What is Louching?

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  • Written By: Mary McMahon
  • Edited By: O. Wallace
  • Last Modified Date: 02 April 2020
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Louching is a technique used to prepare absinthe for consumption. While people do not have to louche absinthe to drink it, many do, because louching gives absinthe the distinctive milky glow which many people associate with this drink. Most establishments which serve absinthe also provide the tools for louching, or perform the louching themselves before serving the drink.

When absinthe is louched, cold water is added to the beverage, triggering a reaction which causes the drink to cloud and turn milky. When louching is performed with a practiced hand, billows of milky color ripple through the glass, creating a luminescent glow which is quite distinctive. The ratio of water to absinthe varies, depending on the absinthe and personal taste, although a 1:3 ratio of absinthe to water is very common.

In some cases, louching is performed by dripping cold water through a sugar cube positioned on an absinthe spoon at the top of the glass. This form of louching sweetens the absinthe as well as clouding it, masking the bitter flavor of natural absinthe. The sugar cube also acts as a filter, slowing the flow rate of the water to ensure that it drips slowly into the glass, as dumping water into a glass of absinthe does not achieve the desired aesthetic effect.


Other consumers prefer to skip the sugar cube, simply dripping water with a steady hand directly into the glass to generate the desired cloudy absinthe. Water can also be drizzled through a spoon to control the rate of flow. This type of louching is best recommended for naturally sweet absinthes or consumers who are familiar with the bitter flavor of unsweetened absinthe. It does have the benefit of allowing the natural flavors in the absinthe to come through, resulting in a more complex mouthfeel.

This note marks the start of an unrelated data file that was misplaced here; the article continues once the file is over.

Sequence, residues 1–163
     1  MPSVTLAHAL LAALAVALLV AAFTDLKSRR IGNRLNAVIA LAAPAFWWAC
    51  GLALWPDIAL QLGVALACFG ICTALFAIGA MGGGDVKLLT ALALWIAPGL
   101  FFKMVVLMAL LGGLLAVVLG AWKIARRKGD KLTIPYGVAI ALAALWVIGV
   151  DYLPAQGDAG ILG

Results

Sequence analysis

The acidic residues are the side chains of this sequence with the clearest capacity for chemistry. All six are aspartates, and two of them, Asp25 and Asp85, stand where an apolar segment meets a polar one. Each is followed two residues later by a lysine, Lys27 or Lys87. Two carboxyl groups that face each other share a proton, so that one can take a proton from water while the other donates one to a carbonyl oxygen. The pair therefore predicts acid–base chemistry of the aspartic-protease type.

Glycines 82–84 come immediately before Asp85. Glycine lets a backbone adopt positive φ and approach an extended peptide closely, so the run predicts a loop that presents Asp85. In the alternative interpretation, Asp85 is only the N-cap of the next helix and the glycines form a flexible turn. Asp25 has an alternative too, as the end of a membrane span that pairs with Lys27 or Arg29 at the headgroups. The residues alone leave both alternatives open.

Different types of absinthe louche in various ways. The amount of louching is dependent on the amount of anise in the absinthe. Higher anise levels will generate a cloudier liquid, with some absinthes turning almost white in response to the cold water, while lower levels will result in less cloudiness. Other drinks which traditionally contain anise, such as ouzo, are also sometimes louched before service. Louching provides a useful visual indicator that the drink has been diluted, making it less potent than it would be in straight form. In the case of absinthe, dilution is desired, as this beverage is extremely strong.


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